Recent evidence suggests that immune checkpoint inhibitors may have activity in particular subtypes of soft tissue sarcomas[72,73] and in histologic subtypes such as undifferentiated pleomorphic sarcoma (UPS) and DDLPS that have mutational and copy number heterogeneity[11]. Two multicenter phase II clinical trials examining the efficacy of anti-PD-1 therapy in advanced metastatic sarcoma included patients with DDLPS have been reported in recent years[72,73]. The first study, SARC028, enrolled 86 patients with advanced STS and bone sarcomas to receive pembrolizumab (anti-PD-1)[72]. Of the 80 patients evaluable for response, 10 had DDLPS with 2 of these patients (20%) achieving disease control (stable disease or partial response) after only 8 weeks of treatment with pembrolizumab. The second study, Alliance A091401, enrolled and randomized 85 patients with locally advanced, unresectable, or metastatic sarcoma to receive nivolumab (anti-PD-1) monotherapy or nivolumab plus ipilimumab (anti-CTLA-4)[73]. No responses were observed in the 5 patients with LPS, although patients with both WDLPS and DDLPS were enrolled in this study. Both SARC028 and A091401 have been expanded to include additional patients with UPS and LPS; results from these expansion cohorts are eagerly anticipated.

Although immune checkpoint therapy offered significant and durable responses for some patients with DDLPS in the SARC028 study, most failed to respond to immunotherapy or had short-lived responses. At baseline, both the tumor immune microenvironment and the poor antigenicity of these tumors may facilitate escape of immune recognition. There are considerable ongoing efforts in other malignancies to identify predictors of response to immune checkpoint blockade and elucidate mechanisms of resistance to immunotherapy. In STS, ongoing studies include those combining immunotherapies with other systemic therapies (cytotoxic) or local treatment modalities (RT, injectables) in advanced disease or applying immunotherapy for earlier stage sarcoma, such as in the neoadjuvant setting[65,66,72].

Patients with myxoid LPS often overexpress the cancer testis antigen, NY-ESO-1, which is being targeted by investigational immunotherapies including adoptive cell therapies and peptide vaccines[4]. The adoptive transfer of T-cells genetically modified to express a T-cell receptor recognizing NY-ESO-1, has shown promising responses in a heavily pre-treated MRCLS patients in a pilot study[74].


LPS is classified into 3 biologic groups encompassing 5 histologic subtypes characterized by specific genomic and genetic alterations and variable clinical behavior and prognosis. Both WDLPS and DDLPS are characterized by the presence of chromosomal amplification of 12q13-15 with associated amplification of oncogenes MDM2, CDK4, and HMGA2. DDLPS is notable for having additional and more complete genetic alterations compared to WDLPS. Myxoid/round cell LPS are nearly uniformly characterized by the presence of a chromosomal translocation, most commonly t(12;16)(q13;p11) resulting in the fusion protein FUS-DDIT3, with mutations in PIK3CA more common in high grade tumors. Lastly, pleomorphic LPS is notable for diverse complex genomic changes and chromosomal rearrangements without unifying molecular alterations nor targetable aberrations. To date, achieving a comprehensive understanding of LPS biology has been challenging, in part due to the rarity of these tumors and relative dearth of in vitro and in vivo experimental model systems. Many of the ongoing clinical trials are testing novel therapeutic targets, with correlative analyses of associated biospecimens, which should help shed light on molecular mechanisms behind response and resistance to these novel therapies, and lead to future advancements in the multimodality treatment for patients with LPS.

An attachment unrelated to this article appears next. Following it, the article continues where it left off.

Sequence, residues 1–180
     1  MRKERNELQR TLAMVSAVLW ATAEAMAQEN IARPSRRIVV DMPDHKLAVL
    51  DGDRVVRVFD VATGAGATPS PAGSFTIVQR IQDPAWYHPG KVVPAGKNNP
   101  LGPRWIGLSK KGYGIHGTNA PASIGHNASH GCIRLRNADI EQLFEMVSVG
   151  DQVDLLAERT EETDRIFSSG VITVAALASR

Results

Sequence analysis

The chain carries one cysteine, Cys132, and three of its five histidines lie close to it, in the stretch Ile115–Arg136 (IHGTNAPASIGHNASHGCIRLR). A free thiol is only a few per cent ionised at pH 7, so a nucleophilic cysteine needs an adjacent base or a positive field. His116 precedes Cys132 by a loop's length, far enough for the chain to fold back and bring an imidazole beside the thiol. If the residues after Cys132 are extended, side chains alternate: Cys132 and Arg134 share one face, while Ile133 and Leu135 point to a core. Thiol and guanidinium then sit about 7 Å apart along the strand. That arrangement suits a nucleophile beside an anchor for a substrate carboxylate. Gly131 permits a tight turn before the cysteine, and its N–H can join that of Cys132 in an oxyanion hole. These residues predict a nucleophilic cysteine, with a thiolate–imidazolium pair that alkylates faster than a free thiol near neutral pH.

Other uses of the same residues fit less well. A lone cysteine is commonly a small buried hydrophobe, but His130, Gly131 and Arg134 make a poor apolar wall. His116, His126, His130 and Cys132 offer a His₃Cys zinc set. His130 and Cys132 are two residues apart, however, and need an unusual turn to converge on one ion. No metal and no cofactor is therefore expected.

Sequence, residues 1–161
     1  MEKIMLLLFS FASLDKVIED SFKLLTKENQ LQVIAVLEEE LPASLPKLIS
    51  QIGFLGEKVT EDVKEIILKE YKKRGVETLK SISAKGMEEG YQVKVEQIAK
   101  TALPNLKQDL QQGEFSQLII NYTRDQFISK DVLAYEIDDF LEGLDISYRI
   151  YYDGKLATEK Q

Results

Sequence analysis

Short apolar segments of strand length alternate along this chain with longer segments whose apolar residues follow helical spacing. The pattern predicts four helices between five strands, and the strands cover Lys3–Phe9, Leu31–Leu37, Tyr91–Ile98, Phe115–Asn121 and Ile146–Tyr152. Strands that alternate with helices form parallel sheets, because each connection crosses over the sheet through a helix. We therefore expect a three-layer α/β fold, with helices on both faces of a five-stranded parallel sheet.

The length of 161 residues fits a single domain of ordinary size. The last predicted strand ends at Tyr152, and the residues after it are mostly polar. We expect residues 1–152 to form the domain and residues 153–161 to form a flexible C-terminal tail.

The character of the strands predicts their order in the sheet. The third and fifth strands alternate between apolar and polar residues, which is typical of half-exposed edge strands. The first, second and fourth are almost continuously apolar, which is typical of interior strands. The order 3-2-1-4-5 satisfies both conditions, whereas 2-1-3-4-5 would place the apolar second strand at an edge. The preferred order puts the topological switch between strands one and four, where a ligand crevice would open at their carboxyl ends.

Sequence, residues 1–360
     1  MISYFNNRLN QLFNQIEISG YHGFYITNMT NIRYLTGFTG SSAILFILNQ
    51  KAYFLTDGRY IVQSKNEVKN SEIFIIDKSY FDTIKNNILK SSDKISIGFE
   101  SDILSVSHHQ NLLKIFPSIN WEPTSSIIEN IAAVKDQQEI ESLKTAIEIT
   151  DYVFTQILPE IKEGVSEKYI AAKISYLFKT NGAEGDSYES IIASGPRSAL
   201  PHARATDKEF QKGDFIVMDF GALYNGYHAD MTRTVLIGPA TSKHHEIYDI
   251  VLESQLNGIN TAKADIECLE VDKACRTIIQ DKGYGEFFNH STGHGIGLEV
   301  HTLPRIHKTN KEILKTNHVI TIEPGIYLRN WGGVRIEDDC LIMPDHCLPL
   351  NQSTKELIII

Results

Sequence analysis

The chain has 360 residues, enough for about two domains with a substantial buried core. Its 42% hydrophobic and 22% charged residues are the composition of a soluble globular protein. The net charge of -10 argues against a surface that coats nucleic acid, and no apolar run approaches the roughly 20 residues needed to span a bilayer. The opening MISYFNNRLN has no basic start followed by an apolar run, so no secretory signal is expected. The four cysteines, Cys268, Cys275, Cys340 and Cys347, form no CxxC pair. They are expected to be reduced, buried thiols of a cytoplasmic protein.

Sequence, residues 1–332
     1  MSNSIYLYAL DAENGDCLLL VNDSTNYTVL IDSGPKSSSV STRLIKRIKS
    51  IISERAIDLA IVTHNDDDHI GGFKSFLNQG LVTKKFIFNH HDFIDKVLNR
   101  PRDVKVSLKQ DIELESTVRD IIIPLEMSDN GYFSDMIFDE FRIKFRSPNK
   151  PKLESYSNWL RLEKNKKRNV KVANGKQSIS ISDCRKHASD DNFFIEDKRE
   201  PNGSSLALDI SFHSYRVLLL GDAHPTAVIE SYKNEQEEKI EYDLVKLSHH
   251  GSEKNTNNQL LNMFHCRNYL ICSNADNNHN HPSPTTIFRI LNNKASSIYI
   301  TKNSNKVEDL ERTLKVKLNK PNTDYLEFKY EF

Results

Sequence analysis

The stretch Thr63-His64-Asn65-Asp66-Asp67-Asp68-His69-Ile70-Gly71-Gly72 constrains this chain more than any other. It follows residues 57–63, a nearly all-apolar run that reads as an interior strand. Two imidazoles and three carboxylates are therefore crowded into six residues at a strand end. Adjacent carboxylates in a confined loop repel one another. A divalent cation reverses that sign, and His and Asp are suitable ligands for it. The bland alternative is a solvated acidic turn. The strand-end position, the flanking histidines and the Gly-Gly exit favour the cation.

Authors’ contributions

Design: Keung EZ, Somaiah N

Literature research: Keung EZ, Somaiah N

Manuscript writing: Keung EZ, Somaiah N

Manuscript editing: Keung EZ, Somaiah N

Manuscript revision: Keung EZ, Somaiah N

Availability of data and materials

Not applicable.

Financial support and sponsorship

Dr. Keung is supported by National Institutes of Health (NIH) (T32 CA009599).

Conflicts of interest

Both authors declared that there are no conflicts of interest.

Ethical approval and consent to participate

Not applicable.

Consent for publication

Not applicable.


© The Author(s) 2019.


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Cite This Article

OAE Style

Keung EZ, Somaiah N. Overview of liposarcomas and their genomic landscape. J Transl Genet Genom 2019;3:8.

AMA Style

Keung EZ, Somaiah N. Overview of liposarcomas and their genomic landscape. Journal of Translational Genetics and Genomics. 2019; 3: 8.

Chicago/Turabian Style

Keung, Emily Z., Neeta Somaiah. 2019. "Overview of liposarcomas and their genomic landscape" Journal of Translational Genetics and Genomics. 3: 8.

ACS Style

Keung, EZ.; Somaiah N. Overview of liposarcomas and their genomic landscape. J. Transl. Genet. Genom. 2019, 3, 8.